1. ^ a b "Vincent Gallo Biography (1962?-)". Filmreference.com. http://www.filmreference.com/film/32/Vincent-Gallo.html. Retrieved 2010-09-02. 
  2. ^ Flux
  3. ^ Spencer, Liese (October 1, 1998). "Handpicked to be a wise guy". The Independent (London). http://www.independent.co.uk/arts-entertainment/handpicked-to-be-a-wise-guy-1175444.html. Retrieved April 9, 2010. 
  4. ^ a b c d "Vincent Gallo biography". The New York Times. http://movies.nytimes.com/person/90927/Vincent-Gallo/biography. Retrieved April 9, 2010. 
  5. ^ a b c Ebert, Roger (2005). Roger Ebert's Movie Yearbook 2006. Kansas City: Andrews McMeel Publishing. ISBN 9780740755385. 
  6. ^ Ebert, Roger (2006). Roger Ebert's Movie Yearbook 2007. Kansas City: Andrews McMeel Publishing. ISBN 9780740761577. 
  7. ^ "Essential Killing Takes Triple at Venice". inside out film. 2010-13-09. http://www.iofilm.co.uk/awards/essential-killing-takes-triple-at-venice. Retrieved 2010-09-13. 
  8. ^ "Quentin Tarantino denies Venice nepotism claim". BBC News. 2010-05-07. http://www.bbc.co.uk/news/entertainment-arts-11281250. Retrieved 2010-09-13. 
  9. ^ a b c allmusic ((( Vincent Gallo > Biography )))
  10. ^ allmusic ((( Downtown 81 > Overview )))
  11. ^ "John Frusciante music videos". Music Video Database. http://www.mvdbase.com/artist.php?last=Frusciante&first=John. Retrieved 2008-04-08. 
  12. ^ 06:54 PM. "H&M Spring 2009 : Eva Herzigova, Shalom Harlow and Vincent Gallo". the Fashion Spot. http://www.thefashionspot.com/forums/f79/h-m-spring-2009-eva-herzigova-shalom-harlow-vincent-gallo-77529.html. Retrieved 2010-09-02. 
  13. ^ Party Girls
  14. ^ a b Vidéos MySpaceTV : Vincent Gallo on Politics par jeremy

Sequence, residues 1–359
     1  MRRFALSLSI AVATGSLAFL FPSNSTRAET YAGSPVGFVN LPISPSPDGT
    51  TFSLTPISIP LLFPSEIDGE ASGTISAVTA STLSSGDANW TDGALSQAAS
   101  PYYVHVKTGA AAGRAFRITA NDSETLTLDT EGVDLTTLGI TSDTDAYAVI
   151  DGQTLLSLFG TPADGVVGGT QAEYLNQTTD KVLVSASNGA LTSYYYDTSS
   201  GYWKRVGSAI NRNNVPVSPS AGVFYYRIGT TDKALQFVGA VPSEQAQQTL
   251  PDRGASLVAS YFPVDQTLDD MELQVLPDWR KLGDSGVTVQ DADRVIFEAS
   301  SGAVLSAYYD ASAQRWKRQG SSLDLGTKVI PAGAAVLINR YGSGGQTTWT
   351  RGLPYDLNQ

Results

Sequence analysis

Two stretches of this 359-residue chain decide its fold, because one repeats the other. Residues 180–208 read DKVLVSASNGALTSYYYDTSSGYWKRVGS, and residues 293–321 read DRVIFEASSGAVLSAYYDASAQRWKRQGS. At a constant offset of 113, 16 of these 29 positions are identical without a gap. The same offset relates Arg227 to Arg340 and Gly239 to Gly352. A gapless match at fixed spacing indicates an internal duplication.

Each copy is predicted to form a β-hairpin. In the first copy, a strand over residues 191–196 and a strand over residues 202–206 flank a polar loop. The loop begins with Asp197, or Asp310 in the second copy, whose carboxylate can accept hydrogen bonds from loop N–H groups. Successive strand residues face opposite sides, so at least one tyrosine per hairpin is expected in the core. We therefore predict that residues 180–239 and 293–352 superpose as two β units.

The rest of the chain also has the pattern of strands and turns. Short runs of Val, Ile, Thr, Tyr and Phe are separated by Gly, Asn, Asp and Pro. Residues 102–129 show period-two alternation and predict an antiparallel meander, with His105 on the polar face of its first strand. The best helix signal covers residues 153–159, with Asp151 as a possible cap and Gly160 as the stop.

15. ^ useaction=vids.individual&videoid=1395752466 Vidéos MySpaceTV : Vincent Gallo on Politics par jeremy
  16. ^ McGee on music: How Vincent Gallo taught me to love Yes

External links


Quotes

Up to date as of January 14, 2010

From Wikiquote


Vincent Gallo is a controversial American filmmaker, actor and musician.

Contents

Art, Work & Creativity

  • Art must be radical, art must upset people as much as possible. I am radical and obviously I suffer consequence. But I think that only this can lead to the evolution of the human kind.
  • Art must be deep and pregnant, art can't be for all, popular art is just nonsensical. I am an artist, and art applies to people like me, interesting and convoluted people. But our society tends and the more will tend in the opposite direction, that is to make everything available for everybody and always. Art will be more and more reproducible and more and more accessible.
  • To get what I wanted, or to do the things that I wanted to do, or to have impact, I had to be very clever and part of being very clever requires a kind of creative language so I was always willing to do it that way. But I've also done it in other ways; through revenge; through violence; through salesmanship; through hard work; through building; through working with my hands. I'm not a young poet. I'm a working person.
  • In its most compelling form, artwork is done by people who made something without purpose. They don't have a direct, clear purpose so they're making something in a more abstract way. They're not thinking about a show, about an audience, about a concert, about an album. They're making something without a purpose. It's like: "I just gotta do this." That's on its pedestrian level. On its most sophisticated level, they have that same motivation, I just gotta do this, but there's an intensified level of thought, concept, esthetic and point-of-view, but still maintained: "I gotta do this." That's not what I'm doing in cinema. That's not what I do with music, and that's not what I do as an actor. I may use the same level of creativity, I may use more creativity, I may use the same level of technique, I may use more technique, I may use the same levels of design and planning, whatever it is. I may collaborate in similar ways. But I'm not making art. I'm simply making film. When I make a film? I'm making two things. One, I'm making something that's missing from the collection of films that I think should be in the library in my own mind. Y'know? You're making a film that's missing. It's been checked out of the library and never returned and I'm making it so it exists again. And the second thing is, I'm making merely what I would have an idea in my mind, a film that I would want to see.